What NRIs in UAE should do with Rs500, Rs1,000 notes

What NRIs in UAE should do with Rs500, Rs1,000 notes

500 and 1000 Indian rupee notes are not worthless. NRIs should take any of the following steps to reclaim their value.



by

Suneeti Ahuja Kohli

Published: Thu 10 Nov 2016, 6:53 PM

Last updated: Wed 14 Dec 2016, 2:57 PM

Resident Indians and expatriates were taken by surprise on November 8 when the Indian Prime Minister announced the demonetisation of 500 and 1000 rupee notes with immediate effect.
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Several non-resident Indians, especially in the UAE, who frequently travel to their home country, scurried to the near by exchange houses to get the currency converted. But large exchange houses in the UAE are not accepting any Indian currency as of now.
Take a look: New Indian Rs 2,000 currency note goes into circulation
Does that mean that the bills have become worthless overnight? Not really. There are a few steps you can take to preserve their value.

1. Deposit in NRO accounts

As per the Reserve Bank of India you can deposit old high denomination notes (OHD) of Rs500 and Rs1000 to your NRO accounts. However, there is no further clarification on this yet. Representative offices and branches of Indian banks abroad are still awaiting clarity on the matter and expect some communication in a week.
Remember this: Rs 500, Rs 1000 notes can be used for paying utility bills, tax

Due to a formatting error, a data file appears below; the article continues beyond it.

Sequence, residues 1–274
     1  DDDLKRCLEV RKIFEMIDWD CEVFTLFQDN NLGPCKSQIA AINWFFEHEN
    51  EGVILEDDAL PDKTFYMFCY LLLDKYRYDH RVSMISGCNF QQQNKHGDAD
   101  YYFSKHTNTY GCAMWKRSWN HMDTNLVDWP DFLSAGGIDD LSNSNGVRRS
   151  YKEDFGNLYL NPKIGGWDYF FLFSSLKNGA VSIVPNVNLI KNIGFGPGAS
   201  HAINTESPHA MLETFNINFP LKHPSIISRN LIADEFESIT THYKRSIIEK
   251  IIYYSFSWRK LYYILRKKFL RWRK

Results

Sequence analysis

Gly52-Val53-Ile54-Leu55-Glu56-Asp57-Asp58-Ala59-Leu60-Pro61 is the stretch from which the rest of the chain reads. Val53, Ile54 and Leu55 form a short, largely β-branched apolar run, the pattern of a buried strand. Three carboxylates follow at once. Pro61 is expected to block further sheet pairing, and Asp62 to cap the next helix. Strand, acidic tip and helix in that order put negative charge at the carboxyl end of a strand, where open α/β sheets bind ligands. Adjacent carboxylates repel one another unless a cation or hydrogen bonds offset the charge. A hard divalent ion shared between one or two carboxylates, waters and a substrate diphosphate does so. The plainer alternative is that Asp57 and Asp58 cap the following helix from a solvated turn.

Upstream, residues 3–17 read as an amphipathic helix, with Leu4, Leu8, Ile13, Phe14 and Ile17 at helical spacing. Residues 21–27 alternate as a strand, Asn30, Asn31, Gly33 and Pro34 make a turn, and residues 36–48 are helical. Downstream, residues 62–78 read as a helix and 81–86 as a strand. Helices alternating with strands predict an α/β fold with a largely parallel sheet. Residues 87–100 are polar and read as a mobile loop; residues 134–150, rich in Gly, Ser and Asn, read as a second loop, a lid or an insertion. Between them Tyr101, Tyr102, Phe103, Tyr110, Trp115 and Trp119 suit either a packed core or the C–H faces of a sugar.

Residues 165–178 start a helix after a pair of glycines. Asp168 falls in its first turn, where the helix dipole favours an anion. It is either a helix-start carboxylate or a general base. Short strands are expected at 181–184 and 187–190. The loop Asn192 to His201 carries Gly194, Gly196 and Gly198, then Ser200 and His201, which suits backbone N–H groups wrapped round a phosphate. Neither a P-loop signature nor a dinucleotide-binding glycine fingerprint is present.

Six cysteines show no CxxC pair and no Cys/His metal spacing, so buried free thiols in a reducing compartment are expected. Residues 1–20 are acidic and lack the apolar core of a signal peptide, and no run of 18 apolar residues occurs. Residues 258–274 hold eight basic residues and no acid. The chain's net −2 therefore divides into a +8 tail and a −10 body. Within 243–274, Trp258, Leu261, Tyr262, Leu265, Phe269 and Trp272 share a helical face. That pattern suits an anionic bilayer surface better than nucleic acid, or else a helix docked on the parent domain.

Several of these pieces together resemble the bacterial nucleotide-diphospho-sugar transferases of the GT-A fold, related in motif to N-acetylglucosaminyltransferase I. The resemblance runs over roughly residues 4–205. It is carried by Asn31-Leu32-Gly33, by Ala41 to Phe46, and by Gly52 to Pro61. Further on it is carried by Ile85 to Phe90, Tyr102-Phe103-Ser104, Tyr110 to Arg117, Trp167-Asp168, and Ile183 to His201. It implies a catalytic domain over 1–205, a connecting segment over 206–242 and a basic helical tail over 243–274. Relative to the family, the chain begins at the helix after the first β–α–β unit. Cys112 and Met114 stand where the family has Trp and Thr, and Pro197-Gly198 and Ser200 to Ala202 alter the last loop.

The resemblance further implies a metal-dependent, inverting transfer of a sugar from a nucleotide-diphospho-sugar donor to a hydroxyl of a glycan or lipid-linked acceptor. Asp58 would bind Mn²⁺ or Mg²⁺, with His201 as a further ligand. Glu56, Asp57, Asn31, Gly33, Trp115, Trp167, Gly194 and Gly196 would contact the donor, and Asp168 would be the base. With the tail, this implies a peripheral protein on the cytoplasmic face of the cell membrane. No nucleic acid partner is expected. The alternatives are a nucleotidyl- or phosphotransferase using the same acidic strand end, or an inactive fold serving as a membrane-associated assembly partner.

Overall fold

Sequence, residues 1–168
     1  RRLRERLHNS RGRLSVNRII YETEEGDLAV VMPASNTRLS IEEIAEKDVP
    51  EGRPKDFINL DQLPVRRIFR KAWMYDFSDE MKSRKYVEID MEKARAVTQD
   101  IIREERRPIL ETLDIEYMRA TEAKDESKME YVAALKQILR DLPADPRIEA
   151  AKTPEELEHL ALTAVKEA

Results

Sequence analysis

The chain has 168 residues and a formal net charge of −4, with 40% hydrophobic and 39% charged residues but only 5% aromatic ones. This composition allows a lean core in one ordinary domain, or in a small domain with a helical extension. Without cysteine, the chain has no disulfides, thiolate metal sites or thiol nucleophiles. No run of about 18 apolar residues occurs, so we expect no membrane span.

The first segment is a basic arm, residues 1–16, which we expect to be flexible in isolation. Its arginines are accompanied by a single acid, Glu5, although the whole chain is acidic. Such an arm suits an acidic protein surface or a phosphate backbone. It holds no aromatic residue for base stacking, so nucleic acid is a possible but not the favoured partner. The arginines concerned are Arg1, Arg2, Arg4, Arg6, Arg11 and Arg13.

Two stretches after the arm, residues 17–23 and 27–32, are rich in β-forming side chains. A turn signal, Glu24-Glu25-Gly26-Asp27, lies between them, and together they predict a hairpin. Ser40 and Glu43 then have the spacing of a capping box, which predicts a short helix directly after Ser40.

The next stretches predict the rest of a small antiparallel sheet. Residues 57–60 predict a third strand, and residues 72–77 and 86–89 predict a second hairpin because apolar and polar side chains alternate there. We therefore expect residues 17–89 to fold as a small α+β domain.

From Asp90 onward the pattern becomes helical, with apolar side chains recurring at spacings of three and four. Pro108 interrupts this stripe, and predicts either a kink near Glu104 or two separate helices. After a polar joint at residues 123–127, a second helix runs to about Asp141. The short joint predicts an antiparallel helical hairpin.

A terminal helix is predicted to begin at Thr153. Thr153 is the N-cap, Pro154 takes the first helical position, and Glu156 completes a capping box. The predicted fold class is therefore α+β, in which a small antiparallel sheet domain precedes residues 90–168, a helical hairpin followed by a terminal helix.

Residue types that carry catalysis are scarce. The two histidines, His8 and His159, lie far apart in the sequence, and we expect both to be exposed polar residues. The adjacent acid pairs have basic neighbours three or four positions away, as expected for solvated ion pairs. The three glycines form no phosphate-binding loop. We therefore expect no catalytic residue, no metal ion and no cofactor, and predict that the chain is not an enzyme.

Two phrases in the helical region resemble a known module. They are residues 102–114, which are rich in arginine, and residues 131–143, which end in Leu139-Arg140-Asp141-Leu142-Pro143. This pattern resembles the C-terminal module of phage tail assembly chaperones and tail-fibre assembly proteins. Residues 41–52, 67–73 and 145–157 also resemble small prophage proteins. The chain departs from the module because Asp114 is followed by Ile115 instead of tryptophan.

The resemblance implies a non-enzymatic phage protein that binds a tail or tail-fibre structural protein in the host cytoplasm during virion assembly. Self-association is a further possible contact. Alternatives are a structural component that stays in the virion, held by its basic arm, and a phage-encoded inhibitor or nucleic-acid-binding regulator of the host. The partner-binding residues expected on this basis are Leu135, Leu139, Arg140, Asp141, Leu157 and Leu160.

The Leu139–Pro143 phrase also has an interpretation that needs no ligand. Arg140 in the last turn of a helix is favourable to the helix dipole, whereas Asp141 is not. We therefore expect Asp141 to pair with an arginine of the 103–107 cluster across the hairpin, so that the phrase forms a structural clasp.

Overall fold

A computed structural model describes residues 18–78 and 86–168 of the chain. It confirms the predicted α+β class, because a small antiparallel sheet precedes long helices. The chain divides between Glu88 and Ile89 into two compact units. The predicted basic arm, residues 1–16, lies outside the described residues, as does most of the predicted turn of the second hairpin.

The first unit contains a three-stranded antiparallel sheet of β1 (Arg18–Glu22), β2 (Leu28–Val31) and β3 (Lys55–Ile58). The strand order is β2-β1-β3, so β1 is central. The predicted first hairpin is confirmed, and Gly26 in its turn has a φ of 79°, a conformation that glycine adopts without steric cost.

2. Travel to India before December 30

Indian government has allowed time till December 30 to deposit money in the bank accounts. There is no limit on the money that can be deposited in one's own account, provided all the KYC forms are in place.
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For all transactions above Rs50,000, account holders will have to furnish their PAN cards. "NRIs can carry up to Rs25,000 per person when they travel to India and have it exchanged or deposited into their bank accounts until December 30," says Vishal Dhawan, a Mumbai-based financial planner.

3. Travel to India after December 30

If you are traveling to India next year, you can visit any RBI office and convert the Indian currency into any other with due proof and reasons of delay.
Read on: NRIs with scrapped notes left in the lurch

4. Authorize someone to deposit in India

In case you are unable to travel to India in the coming six weeks, you can send the money through someone to India along with an authorisation letter, identity proof, such as copies of the passport, PAN card, etc., and entry and exit stamps from and to the Indian destination.
Don't miss: UAE's Indian expats support Rs 500, Rs1,000 notes change
-suneeti@khaleejtimes.com 


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